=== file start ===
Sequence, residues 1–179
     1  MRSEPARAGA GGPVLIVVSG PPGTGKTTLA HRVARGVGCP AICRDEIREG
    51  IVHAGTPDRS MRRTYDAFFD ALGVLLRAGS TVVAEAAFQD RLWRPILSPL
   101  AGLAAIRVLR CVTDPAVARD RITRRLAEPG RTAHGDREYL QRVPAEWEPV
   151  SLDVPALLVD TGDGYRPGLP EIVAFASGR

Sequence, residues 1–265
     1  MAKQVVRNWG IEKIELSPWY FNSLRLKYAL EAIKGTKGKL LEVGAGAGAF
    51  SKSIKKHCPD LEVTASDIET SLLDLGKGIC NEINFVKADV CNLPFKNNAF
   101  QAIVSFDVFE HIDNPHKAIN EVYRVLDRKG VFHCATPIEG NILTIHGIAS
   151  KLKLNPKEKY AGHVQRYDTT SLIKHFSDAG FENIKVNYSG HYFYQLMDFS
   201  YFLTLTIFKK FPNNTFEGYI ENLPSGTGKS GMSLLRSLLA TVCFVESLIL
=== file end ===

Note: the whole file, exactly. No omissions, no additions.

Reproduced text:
Sequence, residues 1–179
     1  MRSEPARAGA GGPVLIVVSG PPGTGKTTLA HRVARGVGCP AICRDEIREG
    51  IVHAGTPDRS MRRTYDAFFD ALGVLLRAGS TVVAEAAFQD RLWRPILSPL
   101  AGLAAIRVLR CVTDPAVARD RITRRLAEPG RTAHGDREYL QRVPAEWEPV
   151  SLDVPALLVD TGDGYRPGLP EIVAFASGR

Sequence, residues 1–265
     1  MAKQVVRNWG IEKIELSPWY FNSLRLKYAL EAIKGTKGKL LEVGAGAGAF
    51  SKSIKKHCPD LEVTASDIET SLLDLGKGIC NEINFVKADV CNLPFKNNAF
   101  QAIVSFDVFE HIDNPHKAIN EVYRVLDRKG VFHCATPIEG NILTIHGIAS
   151  KLKLNPKEKY AGHVQRYDTT SLIKHFSDAG FENIKVNYSG HYFYQLMDFS
   201  YFLTLTIFKK FPNNTFEGYI ENLPSGTGKS GMSLLRSLLA TVCFVESLIL